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From the July 14, 2008 issue of the Christian Science Sentinel


FOR THOSE WHO ARE SAID to suffer from the many different disorders categorized as mental illness, life can seem like a terrible prison from which there is no hope of escape; they often feel alone, stigmatized and misunderstood. Those who yearn to help loved ones and neighbors with mental disorders can feel helpless as to what they can do for them, and burdened with a heartbreaking responsibility, especially when children or seniors in their care are the ones affected.

According to the National Institutes of Mental Health, based in Bethesda, Maryland, "The burden of mental illness on health and productivity in the United States and throughout the world has long been underestimated." Mental disorders are the leading cause of disability in the US and Canada for ages 15–44, and many people suffer from more than one mental disorder at a given time.

Across this grim scene a bright light waits to shine truly hopeful and transformative rays. And everyone reading this magazine can be a part of the light, whether or not they're directly impacted by mental illness. The world will be a better place for our having given the matter attention and prayer, because the issues surrounding mental illness are so central to the ills facing humanity.

In the 142 years since Mary Baker Eddy discovered it, Christian Science has delivered many people from mental torment of all kinds (see Doug Sytsma's healing of bipolar disorder, discussed in the article beginning on p. 12 of this issue). Christian Science treatment, however, does not begin with conventional methods of addressing mental illness—including prescription medications with their host of side effects, or psychoanalysis—all of which assume that the cause of the trouble exists in the brain, that different parts of the brain control the functions of the human system, and that chemical structures and imbalances must be modified and regulated.

In fact, Christian Science asserts that healing answers lie entirely in the opposite direction. "Every concept which seems to begin with the brain begins falsely," wrote Mrs. Eddy. "Divine Mind is the only cause or Principle of existence. Cause does not exist in matter, in mortal mind, or in physical forms" (Science and Health with Key to the Scriptures, p. 262). Mind and Principle, as used here, are synonymous with God.

The authority for that statement comes directly from the teaching of Jesus. And two of the Gospels tell in significant detail about a man he healed who had the symptoms of severe mental illness. Luke explains that this man had suffered for a long time, that he was homeless, incoherent, violent, and could not be restrained. Mark indicates that he may have been self-destructive and suicidal. Both accounts tell how Jesus immediately restored the man to "his right mind." No longer a tormented recluse, he became a functioning member of society—and a vocal advocate of Jesus and his healing power (see Mark 5:1–20; Luke 8:26–39).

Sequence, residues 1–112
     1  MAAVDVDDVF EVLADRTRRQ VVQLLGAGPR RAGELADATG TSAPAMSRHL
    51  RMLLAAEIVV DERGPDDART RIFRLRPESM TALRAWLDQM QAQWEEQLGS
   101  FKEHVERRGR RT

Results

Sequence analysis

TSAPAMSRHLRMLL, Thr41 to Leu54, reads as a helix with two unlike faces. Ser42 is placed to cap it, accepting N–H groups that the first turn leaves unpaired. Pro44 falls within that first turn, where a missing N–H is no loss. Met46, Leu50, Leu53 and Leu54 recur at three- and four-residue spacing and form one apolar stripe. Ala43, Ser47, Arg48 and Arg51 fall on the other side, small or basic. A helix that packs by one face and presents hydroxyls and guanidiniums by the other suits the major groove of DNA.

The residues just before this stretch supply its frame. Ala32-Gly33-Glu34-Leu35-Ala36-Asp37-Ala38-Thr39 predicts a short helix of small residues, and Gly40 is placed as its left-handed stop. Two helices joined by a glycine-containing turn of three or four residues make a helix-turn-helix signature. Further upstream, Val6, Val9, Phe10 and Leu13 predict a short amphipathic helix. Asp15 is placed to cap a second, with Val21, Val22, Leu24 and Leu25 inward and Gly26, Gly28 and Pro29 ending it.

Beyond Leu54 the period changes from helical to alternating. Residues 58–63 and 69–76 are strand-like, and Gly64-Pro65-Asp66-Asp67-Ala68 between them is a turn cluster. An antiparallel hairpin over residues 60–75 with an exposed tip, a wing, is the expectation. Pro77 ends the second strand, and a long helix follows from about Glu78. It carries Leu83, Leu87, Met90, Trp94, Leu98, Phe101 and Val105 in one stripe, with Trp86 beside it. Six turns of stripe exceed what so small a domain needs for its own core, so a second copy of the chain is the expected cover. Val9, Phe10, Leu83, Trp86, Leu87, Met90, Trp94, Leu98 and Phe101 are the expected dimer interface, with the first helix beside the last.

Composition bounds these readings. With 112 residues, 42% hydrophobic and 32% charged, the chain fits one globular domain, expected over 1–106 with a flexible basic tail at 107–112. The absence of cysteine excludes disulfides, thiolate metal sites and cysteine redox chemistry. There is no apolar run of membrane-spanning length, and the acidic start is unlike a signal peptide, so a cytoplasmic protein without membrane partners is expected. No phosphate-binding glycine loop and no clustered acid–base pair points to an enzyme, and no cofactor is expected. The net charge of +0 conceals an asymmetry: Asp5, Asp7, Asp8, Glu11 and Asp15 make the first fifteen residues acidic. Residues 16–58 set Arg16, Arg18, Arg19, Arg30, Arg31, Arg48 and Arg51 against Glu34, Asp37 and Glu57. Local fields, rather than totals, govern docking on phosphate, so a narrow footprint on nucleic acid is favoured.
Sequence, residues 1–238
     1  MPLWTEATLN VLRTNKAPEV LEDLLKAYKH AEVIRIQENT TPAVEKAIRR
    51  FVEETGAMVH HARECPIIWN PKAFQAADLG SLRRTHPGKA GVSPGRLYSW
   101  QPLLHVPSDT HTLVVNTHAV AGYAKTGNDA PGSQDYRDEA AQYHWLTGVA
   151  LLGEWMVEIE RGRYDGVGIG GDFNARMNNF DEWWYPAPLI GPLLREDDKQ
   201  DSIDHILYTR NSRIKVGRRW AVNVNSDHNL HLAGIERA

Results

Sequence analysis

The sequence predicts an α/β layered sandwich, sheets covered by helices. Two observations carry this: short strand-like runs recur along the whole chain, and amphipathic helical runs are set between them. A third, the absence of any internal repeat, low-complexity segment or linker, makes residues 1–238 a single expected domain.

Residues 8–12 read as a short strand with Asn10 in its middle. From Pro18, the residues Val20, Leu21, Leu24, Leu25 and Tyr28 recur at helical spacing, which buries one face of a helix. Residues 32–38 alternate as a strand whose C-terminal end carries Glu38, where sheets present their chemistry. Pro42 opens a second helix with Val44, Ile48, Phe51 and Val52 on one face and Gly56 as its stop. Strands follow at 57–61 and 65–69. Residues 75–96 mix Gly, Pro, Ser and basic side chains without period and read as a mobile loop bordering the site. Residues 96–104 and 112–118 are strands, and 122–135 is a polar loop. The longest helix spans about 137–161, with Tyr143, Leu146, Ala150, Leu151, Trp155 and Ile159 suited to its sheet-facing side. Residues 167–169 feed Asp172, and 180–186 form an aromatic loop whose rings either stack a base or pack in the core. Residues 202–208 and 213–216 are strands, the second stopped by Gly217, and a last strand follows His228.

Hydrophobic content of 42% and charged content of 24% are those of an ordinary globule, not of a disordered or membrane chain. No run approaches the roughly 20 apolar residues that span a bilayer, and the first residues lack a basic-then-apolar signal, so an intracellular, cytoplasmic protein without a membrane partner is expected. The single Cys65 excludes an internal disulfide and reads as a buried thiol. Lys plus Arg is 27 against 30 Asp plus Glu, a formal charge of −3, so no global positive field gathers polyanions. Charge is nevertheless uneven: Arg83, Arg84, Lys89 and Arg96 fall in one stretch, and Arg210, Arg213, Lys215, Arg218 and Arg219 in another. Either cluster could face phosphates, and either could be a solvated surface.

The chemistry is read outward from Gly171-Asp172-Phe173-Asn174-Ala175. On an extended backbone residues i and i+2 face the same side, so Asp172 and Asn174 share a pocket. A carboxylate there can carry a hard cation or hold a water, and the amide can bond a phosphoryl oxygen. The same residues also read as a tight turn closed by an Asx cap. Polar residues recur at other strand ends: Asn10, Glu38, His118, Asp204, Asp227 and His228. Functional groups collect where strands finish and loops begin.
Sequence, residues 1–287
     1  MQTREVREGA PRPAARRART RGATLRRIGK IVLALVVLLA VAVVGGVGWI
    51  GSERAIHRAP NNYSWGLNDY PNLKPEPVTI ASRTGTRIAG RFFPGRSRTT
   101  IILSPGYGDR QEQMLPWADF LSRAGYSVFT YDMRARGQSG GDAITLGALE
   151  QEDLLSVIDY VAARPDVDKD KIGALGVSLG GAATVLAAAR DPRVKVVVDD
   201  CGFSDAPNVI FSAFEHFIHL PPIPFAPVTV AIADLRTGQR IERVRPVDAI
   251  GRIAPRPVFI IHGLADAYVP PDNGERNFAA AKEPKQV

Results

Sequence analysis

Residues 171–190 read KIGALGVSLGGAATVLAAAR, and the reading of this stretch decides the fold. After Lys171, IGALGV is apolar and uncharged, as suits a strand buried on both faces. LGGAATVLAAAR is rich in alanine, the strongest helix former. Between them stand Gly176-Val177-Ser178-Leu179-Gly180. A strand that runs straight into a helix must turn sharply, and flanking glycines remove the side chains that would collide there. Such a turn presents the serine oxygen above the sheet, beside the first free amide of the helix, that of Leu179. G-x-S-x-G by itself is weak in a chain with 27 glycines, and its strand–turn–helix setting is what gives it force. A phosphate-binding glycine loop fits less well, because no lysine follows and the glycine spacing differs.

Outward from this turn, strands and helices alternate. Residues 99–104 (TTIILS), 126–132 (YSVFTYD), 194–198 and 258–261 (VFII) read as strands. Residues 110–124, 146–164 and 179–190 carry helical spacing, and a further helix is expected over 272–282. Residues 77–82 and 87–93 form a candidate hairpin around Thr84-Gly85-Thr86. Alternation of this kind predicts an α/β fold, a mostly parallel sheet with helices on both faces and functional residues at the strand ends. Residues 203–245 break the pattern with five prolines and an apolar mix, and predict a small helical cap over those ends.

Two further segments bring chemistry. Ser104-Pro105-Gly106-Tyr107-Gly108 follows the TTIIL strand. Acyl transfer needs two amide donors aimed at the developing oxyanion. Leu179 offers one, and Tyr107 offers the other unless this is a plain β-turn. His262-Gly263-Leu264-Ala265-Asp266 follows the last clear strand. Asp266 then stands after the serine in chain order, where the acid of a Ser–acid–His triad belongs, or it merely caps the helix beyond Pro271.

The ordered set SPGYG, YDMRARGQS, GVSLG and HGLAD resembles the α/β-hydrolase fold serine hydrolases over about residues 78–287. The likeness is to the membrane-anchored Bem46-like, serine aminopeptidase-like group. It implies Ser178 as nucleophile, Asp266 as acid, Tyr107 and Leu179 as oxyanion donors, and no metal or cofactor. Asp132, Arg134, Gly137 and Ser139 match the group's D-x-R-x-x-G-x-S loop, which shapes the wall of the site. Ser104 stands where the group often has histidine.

If Jesus had seen only an emotionally disturbed man who needed to be changed into a sound one, he would not have been able to heal him. As Christian Science explains, Jesus healed by seeing everyone as God created them—perfect as He is, whole, free, always in their right mind. And his example shows us how we as individuals can approach the issue of mental illness and help alleviate it. To Jesus, even the most difficult of human circumstances were not hard and fast realities. They were situations to be spiritually confronted—and overcome. He specifically urged his followers to "Heal the sick, raise the dead, cleanse the lepers, cast out demons: freely ye received, freely give" (Matt. 10:8, American Standard Version). And Christian Science teaches that, as we follow Jesus' example, it's possible to maintain spiritual facts in the face of the most discouraging material appearances. This is the Christlike model for attacking any problem through prayer.

The Christ is, quite simply, God's transforming message of hope and healing. It speaks individually to each consciousness, without exception. And when anyone entertains the Christ in his or her thought—that is, willingly seeks to understand God's power to see His creation as He knows it—healing must result, for oneself as well as for others. In this way, we can all help make a tangible difference in the lives of those who struggle to find mental soundness and peace.

On behalf of those who suffer from mental illness, we can refuse to believe that God has destined lives of pain for them. We can refuse to believe that heredity or imbalance or stigma define their identities, and instead advocate for the spiritual wholeness and freedom and value of each individual. We can see more in the way that Jesus saw, and work at adopting the Christ consciousness, in support of these fellow beings and their families.


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